Diagnosis of dyspraxia in adults is far harder to detect/diagnose… why?  As we go through life we find ways to compensate in many areas that would highlight balance co-ordination and processing and we can avoid tasks that bring about problems for adults with dyspraxia.  Competition is one area… children tend to either get, or want to be included in sport within school time or with friends, adults can avoid sports if they wish and it goes almost unnoticed, as is so often not the case as a child.
Dyspraxia symptoms have been around for a very long time, however diagnosis is relatively new… in the last 15-20 years.  So many born before this time have not had the benefit of a diagnosis and may have been labelled clumsy.
Having an understanding of why we are different is a great help and a huge weight off our shoulders, as we often blame ourselves.
Around 5-6% of the population have some form of dyspraxia, so we are far from alone.
We tend to have greater levels of concentration and are more aware when carrying out tasks that require a greater focus.  We also develop our short term memory over time and this helps improve our processing speed and reaction time.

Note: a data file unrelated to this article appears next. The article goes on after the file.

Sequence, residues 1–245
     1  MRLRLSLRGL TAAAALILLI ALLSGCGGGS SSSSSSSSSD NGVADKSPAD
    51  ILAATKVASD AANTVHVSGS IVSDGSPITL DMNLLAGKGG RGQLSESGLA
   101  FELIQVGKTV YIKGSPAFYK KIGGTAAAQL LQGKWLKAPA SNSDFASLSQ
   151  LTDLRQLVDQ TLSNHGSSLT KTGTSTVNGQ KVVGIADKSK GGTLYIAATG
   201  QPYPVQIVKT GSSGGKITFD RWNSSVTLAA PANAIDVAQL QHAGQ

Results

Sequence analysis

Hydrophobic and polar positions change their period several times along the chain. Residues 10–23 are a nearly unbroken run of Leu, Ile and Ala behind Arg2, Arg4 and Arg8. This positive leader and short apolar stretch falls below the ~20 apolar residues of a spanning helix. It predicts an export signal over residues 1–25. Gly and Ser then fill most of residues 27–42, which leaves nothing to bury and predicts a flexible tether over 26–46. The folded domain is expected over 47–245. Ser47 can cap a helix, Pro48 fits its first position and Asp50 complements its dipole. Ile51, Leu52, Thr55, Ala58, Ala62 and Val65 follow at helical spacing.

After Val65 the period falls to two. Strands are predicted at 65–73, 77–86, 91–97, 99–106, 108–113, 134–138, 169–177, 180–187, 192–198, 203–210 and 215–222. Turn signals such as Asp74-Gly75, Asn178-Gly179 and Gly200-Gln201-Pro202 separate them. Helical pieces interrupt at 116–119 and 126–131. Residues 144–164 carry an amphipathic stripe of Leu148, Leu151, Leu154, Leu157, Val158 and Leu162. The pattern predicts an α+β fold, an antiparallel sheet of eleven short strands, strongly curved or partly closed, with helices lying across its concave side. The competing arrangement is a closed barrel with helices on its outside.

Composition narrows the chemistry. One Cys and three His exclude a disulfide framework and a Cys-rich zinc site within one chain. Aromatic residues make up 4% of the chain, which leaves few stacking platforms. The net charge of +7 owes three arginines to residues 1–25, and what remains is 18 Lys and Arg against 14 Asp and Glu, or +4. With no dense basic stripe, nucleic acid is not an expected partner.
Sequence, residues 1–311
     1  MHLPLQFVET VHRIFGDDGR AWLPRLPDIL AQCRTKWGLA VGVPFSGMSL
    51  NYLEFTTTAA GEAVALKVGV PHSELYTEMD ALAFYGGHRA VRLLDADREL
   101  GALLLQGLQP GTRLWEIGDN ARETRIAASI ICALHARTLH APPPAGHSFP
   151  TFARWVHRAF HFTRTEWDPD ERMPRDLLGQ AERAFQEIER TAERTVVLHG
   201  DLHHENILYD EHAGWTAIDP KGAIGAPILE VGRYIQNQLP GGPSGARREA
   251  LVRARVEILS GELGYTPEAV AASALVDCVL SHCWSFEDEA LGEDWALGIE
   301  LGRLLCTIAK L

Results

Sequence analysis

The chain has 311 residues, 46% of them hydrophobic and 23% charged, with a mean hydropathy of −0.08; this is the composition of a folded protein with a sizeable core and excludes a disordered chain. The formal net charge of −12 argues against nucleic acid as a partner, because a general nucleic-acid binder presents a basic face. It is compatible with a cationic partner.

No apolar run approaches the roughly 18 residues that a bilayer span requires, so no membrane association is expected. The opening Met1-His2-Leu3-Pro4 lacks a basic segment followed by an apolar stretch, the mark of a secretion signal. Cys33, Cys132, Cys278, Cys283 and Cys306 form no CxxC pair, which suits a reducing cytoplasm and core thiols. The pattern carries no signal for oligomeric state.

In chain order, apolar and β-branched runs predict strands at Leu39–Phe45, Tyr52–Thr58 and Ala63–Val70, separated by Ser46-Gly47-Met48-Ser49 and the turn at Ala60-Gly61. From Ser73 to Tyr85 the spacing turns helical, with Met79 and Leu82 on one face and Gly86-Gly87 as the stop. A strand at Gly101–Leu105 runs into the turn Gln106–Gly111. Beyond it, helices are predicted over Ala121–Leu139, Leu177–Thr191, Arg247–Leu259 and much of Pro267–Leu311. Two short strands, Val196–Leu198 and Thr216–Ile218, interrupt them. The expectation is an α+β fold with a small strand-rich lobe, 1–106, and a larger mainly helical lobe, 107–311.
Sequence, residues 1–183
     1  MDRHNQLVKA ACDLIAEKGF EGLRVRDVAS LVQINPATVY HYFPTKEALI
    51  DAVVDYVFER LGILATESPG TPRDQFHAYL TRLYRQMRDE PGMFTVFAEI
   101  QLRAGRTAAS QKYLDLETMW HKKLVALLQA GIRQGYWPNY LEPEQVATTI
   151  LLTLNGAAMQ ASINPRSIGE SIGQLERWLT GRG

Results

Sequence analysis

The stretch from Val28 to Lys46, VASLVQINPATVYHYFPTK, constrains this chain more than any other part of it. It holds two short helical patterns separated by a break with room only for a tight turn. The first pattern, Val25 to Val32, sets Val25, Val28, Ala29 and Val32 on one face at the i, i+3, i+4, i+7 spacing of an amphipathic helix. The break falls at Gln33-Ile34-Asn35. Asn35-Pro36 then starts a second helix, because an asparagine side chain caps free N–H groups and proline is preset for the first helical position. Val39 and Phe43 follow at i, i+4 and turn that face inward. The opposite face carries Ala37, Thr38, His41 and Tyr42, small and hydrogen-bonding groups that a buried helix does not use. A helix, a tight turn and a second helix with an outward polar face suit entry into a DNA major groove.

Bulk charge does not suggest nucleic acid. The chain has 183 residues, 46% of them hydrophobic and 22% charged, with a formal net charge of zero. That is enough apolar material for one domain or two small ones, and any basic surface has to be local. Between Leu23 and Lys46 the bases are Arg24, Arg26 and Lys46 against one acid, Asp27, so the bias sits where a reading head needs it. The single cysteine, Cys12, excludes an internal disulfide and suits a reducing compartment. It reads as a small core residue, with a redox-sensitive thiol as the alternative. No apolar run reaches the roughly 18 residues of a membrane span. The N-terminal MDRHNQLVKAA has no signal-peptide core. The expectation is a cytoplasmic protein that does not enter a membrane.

It’s also important to understand that dyspraxia has a wide spectrum and affects many in a variety of ways, this can also vary from mild to severe.
There are online tests you can takewhich I must add are only a first pointer before seeking a professional diagnosis.  Also, you may have had a child, niece or nephew recently diagnosed and noticed similarities with yourself.
There are professionals/psychologists in the UK that can diagnose adults, although I believe this not to be the case in Ireland, as is the same with qualifications. There are many that work in this field, in particular those that are qualified Fitness Trainers (gross motor), OT and SPLT and there are many that support academic areas such as dyslexia, dysgraphia and dyscalculia. You can contact us for advice and names of professionals who work in these areas; we have contacts across several countries.